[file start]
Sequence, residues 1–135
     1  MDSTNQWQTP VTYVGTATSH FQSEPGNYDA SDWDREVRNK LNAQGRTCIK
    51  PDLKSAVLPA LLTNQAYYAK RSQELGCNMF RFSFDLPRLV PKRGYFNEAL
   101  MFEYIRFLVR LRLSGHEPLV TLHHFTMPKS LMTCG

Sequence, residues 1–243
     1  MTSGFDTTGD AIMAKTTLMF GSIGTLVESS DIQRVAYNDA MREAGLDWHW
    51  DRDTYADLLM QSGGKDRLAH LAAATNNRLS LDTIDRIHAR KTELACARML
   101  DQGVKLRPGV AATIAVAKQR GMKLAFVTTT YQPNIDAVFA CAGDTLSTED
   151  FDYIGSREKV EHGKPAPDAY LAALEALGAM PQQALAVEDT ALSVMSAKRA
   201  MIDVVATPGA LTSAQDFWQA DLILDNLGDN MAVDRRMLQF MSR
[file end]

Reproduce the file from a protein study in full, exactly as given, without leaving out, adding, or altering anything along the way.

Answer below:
Sequence, residues 1–135
     1  MDSTNQWQTP VTYVGTATSH FQSEPGNYDA SDWDREVRNK LNAQGRTCIK
    51  PDLKSAVLPA LLTNQAYYAK RSQELGCNMF RFSFDLPRLV PKRGYFNEAL
   101  MFEYIRFLVR LRLSGHEPLV TLHHFTMPKS LMTCG

Sequence, residues 1–243
     1  MTSGFDTTGD AIMAKTTLMF GSIGTLVESS DIQRVAYNDA MREAGLDWHW
    51  DRDTYADLLM QSGGKDRLAH LAAATNNRLS LDTIDRIHAR KTELACARML
   101  DQGVKLRPGV AATIAVAKQR GMKLAFVTTT YQPNIDAVFA CAGDTLSTED
   151  FDYIGSREKV EHGKPAPDAY LAALEALGAM PQQALAVEDT ALSVMSAKRA
   201  MIDVVATPGA LTSAQDFWQA DLILDNLGDN MAVDRRMLQF MSR